Friday, August 23, 2013

LZHAM2 notes

I've been thinking in the background about LZHAM2 again. (LZHAM is a lossless codec I released a while back on Google code, which I'm now calling LZHAM1.) For LZHAM2 I'm aiming for much higher and more consistent decompression throughput, and more control over the various decompression rate vs. ratio tradeoffs that are fixed in stone right now. Here are all of my notes, put here mostly so I don't forget them. (I first sent them to Michael Crogan who's interested in this stuff but realized they where probably more useful here.)

LZHAM2 notes:

- LZHAM1's decompressor can be greatly slowed down from having to rebuild Huffman decode tables too much, especially on nearly uncompressible files (because all the updates are spread around to way too many tables, so the decompressor gets stuck in a ditch constantly updating tables). The codec needs to be way smarter about when tables are updated.

Here's the big hammer approach to this: Support offloading Huffman table construction onto a pool of 1 or more worker threads. This is kinda tricky because the compressor must delay using updated Huffman tables for a while, because of the newly introduced latency of when the decompressor can switch to the new table. Determining how much latency to actually use will be an interesting problem (maybe make it adjustable/overridable by the user).

Worst case scenario, if the main thread needs to switch to an updated table that's not available yet it can not wait and just immediately compute the table itself (obviously wasting some CPU, but who cares because most apps rarely if ever use all available CPU's anyway).

Consider sending a tiny signalling message to the decompressor that indicates when the table must be updated.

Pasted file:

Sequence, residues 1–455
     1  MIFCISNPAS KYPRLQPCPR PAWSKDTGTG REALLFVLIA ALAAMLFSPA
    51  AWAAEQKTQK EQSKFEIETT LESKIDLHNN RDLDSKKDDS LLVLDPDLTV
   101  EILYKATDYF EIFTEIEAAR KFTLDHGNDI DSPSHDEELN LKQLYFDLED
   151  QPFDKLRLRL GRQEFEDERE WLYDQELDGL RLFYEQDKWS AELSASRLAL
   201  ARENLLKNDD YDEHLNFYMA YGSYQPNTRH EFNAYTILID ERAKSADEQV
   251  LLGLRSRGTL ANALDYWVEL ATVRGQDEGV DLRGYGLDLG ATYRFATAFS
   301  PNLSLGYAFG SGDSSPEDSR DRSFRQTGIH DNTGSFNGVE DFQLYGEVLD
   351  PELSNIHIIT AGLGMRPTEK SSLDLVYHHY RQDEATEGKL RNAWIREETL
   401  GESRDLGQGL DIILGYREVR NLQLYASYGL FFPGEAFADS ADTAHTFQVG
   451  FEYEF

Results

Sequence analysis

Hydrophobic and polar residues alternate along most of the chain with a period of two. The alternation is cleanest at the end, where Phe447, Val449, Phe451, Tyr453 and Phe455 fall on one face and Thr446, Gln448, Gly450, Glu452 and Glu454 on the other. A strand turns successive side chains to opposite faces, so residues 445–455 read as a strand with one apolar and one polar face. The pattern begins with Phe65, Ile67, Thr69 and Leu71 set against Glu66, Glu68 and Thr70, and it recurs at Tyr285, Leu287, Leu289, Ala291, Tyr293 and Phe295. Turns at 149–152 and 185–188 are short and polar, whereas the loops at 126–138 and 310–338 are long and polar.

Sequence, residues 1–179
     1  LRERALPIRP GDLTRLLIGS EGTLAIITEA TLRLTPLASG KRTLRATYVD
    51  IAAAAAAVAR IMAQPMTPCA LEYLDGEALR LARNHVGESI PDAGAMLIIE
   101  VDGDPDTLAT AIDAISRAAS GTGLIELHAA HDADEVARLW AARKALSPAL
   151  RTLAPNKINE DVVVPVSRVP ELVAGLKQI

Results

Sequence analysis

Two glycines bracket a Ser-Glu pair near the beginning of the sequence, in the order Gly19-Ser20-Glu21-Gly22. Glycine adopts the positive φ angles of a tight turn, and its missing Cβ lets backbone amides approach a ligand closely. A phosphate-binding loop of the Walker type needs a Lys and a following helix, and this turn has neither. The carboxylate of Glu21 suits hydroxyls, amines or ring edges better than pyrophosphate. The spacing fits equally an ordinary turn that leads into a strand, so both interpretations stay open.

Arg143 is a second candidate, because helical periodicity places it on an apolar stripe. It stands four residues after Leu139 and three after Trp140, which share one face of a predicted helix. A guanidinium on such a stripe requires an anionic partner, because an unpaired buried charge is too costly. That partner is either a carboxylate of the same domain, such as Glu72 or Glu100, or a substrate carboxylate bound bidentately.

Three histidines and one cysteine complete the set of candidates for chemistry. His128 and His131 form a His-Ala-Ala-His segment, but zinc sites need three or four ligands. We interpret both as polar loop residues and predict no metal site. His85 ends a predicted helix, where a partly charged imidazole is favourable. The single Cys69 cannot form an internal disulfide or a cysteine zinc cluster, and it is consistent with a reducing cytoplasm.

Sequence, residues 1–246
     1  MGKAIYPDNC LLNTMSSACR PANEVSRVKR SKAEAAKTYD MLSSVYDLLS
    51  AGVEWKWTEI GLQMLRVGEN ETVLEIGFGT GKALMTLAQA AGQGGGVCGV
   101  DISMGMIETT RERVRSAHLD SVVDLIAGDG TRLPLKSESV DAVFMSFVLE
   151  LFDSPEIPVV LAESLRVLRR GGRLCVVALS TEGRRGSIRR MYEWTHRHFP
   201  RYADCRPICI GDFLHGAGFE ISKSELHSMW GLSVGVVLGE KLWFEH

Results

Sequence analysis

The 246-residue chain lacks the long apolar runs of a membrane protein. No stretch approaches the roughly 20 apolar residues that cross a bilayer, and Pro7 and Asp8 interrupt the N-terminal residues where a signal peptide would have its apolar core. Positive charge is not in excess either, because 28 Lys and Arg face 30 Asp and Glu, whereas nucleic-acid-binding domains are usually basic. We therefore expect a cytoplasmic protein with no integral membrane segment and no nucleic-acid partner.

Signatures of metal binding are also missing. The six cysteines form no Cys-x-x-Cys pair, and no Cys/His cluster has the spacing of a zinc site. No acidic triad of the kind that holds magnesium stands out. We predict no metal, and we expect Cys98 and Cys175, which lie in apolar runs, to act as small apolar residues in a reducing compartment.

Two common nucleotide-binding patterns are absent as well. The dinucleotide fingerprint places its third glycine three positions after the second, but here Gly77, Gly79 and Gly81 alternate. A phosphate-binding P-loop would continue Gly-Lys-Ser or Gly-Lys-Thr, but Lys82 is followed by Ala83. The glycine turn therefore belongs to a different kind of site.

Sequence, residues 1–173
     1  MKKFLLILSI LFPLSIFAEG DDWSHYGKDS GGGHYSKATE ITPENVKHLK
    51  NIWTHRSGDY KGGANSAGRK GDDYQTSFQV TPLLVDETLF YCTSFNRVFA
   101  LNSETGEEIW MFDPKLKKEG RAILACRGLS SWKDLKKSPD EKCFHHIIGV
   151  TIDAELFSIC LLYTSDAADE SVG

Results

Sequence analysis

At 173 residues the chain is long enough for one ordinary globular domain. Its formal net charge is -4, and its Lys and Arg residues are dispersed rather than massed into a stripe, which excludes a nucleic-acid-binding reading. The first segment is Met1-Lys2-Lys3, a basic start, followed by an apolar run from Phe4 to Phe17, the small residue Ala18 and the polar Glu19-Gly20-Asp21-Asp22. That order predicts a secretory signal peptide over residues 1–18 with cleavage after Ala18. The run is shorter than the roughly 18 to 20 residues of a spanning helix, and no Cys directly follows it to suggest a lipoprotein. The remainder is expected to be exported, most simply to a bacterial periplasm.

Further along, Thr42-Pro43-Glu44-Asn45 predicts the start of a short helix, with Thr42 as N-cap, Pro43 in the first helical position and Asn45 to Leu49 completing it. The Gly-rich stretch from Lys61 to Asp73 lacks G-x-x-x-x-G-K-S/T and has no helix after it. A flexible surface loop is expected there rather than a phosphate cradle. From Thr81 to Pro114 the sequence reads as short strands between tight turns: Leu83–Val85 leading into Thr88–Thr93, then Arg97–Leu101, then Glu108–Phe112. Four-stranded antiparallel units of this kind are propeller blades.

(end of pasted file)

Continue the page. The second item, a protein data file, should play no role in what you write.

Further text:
Pretty much every modern mobile/desktop/etc. platform supports multiple HW threads, so LZHAM2 should be able to get a bunch of Huffman table updates for "free" if I can make this work well enough.

- SIMD-ify Huffman and/or arithmetic decompression. I'm on the fence about this, but the symbol decompression rate improvements I've heard from others experimenting in this domain are remarkable.

- Really try hard to optimize the Huffman decode table generator. SIMD it, whatever, it's way more important than I thought.

- LZHAM1 uses a simple approach to trigger the resetting of the Huffman table update rate: when the overall compression ratio has a big drop in the last few blocks it can reset the update rates of all the tables. There's a bunch of lag in the current implementation (all the way up at the block level) because the compressor's design is limited to a single pass (streaming) approach, and I didn't want to go back and re-code a whole block during a reset. Try an alternative that uses either more buffering or multiple passes.

- LZHAM1 uses too many Huffman tables, and is sloppy about its higher order contexts (the order-1 contexts are typically just the upper X bits of the previous byte, etc.) There's got to be a smarter way of dealing with this other than just lopping off low order bits. I went too far on using tons of tables and more contexts in order to match LZMA's ratio on large files. The codec needs to be more configurable so it can use less contexts for faster decompression.